• Try to determine the professional staff’s expertise and experience in treating the specific illness or condition.
  • Get a feel for the organization’s quality, management, and accreditation.   

Choosing a treatment center for a behavioral health issue is a daunting endeavor. Credentials, accreditation, quality, cost, program philosophy, staffing, and insurance issues are all factors to be considered. However, most admissions to behavioral health or substance use disorder centers usually are prompted by a small crisis, so there is seldom time for adequate investigation. Here are a few things to consider when looking for a treatment program.        

Get names       

To get started, seek recommendations:       

  • When possible, obtain a recommendation from a trusted physician or behavioral health professional. “Where would you refer a loved one with a similar problem?” is always a good question.
  • Ask trusted friends, clergy, or other professionals if they have any specific recommendations.
  • You may also consult referral hotlines of professional organizations, including your state or local medical societies, mental health associations, or other professional groups. These agencies can provide a list of member organizations and credentialed professionals who specialize in the area of your concern. Cost, insurance issues or other logistical barriers may prevent admission to one program but not to another. If you cannot get to the best program available, at least you can avoid a bad one.
  • You may also call your behavioral health insurance carrier and ask for a list of approved facilities. Your company’s employee assistance program (EAP) can also provide valuable insight and recommend a specific program or professional.            

Ask questions         

Once you have narrowed your choices you can begin making your queries. There are two very important areas to cover in these initial queries:        

1.   Try to determine the professional staff’s expertise and experience in treating the specific illness or condition.
2.   Get a feel for the organization’s quality, management, and accreditation.     

Professional quality

Ask about the professional credentials and expertise of the staff. A number of different types of providers offer behavioral health services:

  • Psychiatrists are medical doctors who have completed special training in psychiatry. They can prescribe medication in addition to providing psychotherapy.
  • Addiction medicine professionals are medical doctors certified by the American Society of Addiction Medicine. They are required to have specific and continuing education in the diagnosis and treatment of addictive disorders. They are well trained in treating  individuals with substance use disorders.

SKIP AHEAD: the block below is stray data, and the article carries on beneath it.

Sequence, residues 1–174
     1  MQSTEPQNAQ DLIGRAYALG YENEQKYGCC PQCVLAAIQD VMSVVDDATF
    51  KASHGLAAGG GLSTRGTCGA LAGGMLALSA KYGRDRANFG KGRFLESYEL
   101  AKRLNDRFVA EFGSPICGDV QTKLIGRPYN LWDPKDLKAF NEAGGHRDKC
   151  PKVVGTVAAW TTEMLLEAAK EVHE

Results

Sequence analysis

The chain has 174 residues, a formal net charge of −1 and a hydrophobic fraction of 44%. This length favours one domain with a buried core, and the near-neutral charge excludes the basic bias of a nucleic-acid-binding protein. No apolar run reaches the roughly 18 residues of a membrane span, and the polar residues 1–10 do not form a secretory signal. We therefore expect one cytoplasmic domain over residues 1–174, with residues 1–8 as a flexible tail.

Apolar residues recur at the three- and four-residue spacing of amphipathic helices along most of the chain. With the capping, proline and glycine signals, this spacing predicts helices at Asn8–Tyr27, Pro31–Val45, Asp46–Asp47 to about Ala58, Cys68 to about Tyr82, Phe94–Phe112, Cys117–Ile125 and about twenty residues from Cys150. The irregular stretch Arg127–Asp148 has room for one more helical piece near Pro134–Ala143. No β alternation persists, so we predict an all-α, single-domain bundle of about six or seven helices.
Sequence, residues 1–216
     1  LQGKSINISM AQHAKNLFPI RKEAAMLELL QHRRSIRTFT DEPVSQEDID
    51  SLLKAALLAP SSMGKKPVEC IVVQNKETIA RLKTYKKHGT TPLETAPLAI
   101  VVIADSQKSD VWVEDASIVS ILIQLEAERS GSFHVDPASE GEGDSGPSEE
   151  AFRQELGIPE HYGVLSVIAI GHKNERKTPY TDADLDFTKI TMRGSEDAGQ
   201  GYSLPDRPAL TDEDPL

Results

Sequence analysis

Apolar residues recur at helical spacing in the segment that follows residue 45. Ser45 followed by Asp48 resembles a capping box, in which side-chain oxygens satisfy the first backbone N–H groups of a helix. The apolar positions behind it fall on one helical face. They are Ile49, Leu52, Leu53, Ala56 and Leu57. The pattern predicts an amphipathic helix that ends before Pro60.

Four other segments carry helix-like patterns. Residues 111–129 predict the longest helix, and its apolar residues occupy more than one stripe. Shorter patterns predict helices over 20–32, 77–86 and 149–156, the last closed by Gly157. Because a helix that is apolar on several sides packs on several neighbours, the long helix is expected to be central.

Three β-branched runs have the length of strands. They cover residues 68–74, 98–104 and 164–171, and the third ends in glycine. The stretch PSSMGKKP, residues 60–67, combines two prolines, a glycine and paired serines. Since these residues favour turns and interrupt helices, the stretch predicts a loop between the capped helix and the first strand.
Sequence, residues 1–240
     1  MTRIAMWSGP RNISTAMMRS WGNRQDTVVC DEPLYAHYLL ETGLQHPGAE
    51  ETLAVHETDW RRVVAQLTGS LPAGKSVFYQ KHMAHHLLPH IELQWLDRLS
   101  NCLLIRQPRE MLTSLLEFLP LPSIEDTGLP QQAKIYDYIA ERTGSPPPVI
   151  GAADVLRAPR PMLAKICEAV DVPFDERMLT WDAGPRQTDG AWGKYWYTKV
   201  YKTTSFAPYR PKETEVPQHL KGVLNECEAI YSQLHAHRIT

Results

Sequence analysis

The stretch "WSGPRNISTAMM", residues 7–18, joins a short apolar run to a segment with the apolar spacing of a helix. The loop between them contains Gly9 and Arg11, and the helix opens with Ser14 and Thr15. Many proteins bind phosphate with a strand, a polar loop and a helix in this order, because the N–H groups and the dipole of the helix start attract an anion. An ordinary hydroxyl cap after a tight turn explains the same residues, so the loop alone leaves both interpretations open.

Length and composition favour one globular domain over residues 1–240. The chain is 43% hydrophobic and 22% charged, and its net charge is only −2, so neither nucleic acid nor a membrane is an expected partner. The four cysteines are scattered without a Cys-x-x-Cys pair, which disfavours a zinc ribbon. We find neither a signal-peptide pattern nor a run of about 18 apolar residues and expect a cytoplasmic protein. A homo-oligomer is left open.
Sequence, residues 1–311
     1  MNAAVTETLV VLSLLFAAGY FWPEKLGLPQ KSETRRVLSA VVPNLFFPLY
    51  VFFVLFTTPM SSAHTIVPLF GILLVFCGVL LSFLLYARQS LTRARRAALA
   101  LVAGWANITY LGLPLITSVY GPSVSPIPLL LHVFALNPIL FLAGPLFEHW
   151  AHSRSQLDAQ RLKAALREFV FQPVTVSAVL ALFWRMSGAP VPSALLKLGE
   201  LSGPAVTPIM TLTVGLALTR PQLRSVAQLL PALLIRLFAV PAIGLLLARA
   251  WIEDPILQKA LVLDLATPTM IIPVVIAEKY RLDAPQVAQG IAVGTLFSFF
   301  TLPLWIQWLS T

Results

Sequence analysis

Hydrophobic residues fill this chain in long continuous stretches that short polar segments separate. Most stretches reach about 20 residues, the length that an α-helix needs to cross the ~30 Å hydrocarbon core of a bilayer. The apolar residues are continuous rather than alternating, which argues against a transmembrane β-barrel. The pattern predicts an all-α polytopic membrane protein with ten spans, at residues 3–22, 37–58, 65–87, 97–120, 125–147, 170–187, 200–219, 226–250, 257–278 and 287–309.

• Psychologists have a doctoral degree and are trained in individual, group, and family psychotherapy. They can conduct psychological testing and other diagnostic assessments as part of the evaluation and/or treatment milieu.
  • Most other therapists have a master’s degree in a related discipline, including licensed clinical social workers (LCSW), advanced registered nurse practitioners (ARNP), and licensed mental health counselors (LMHC). In general, these practitioners provide assessments, individual, family, and group counseling, and discharge planning.
  • Certified addiction professionals (CAP) specialize in counseling and assessment of addictive disease. At a minimum they have an associate’s degree and have fulfilled state guidelines and passed a certification exam.  

If you want to know more about a specific clinician, you may contact her state’s licensing board’s website and via the National Practitioner Data Bank (www.npdb-hipdb.hrsa.gov) to see if there is any history of malpractice suits or licensing sanctions.

Specific questions to ask:

  • What is the program philosophy and therapeutic goals?
  • What are the expertise and credentials of the staff? What is the level of experience of the medical or clinical director?
  • Does the organization provide support services to assist family members?  

Organizational quality       

The Joint Commission on Accreditation of Healthcare Organizations (JCAHO) and Commission on Accreditation of Rehabilitation Facilities (CARF) accredit and certify standards of quality for hospitals and behavioral health organizations.

As independent, not-for-profit organizations, JCAHO and CARF are the nation's predominant standards-setting and accrediting bodies in health care. Both organizations research and develop professionally based standards and evaluate the quality and compliance of health care organizations against these standards.

Specific questions to ask:

  • Is the center or specific treatment program accredited by JCAHO or CARF?
  • Does the treatment center offer a full range of services needed for the diagnosis and treatment of the specific condition?
  • How long has the center been in operation under its current management? (Behavioral health centers are frequently bought and sold and operate under new management and staff without ever changing the name.)
  • Does the organization accept your health insurance plan? What is the deductible and co-pay?
  • Are there additional costs for doctors, specialists, testing, etc.? 
  • What are the visitation policies?
  • Anything else that concerns you.  

Although there is no sure way to predict the quality or outcome when dealing with a behavioral health issue, addiction, or psychiatric illness, being an informed and intelligent consumer will certainly increase the odds.

By Drew Edwards, EdD, MS

Summary

  • Try to determine the professional staff’s expertise and experience in treating the specific illness or condition.
  • Get a feel for the organization’s quality, management, and accreditation.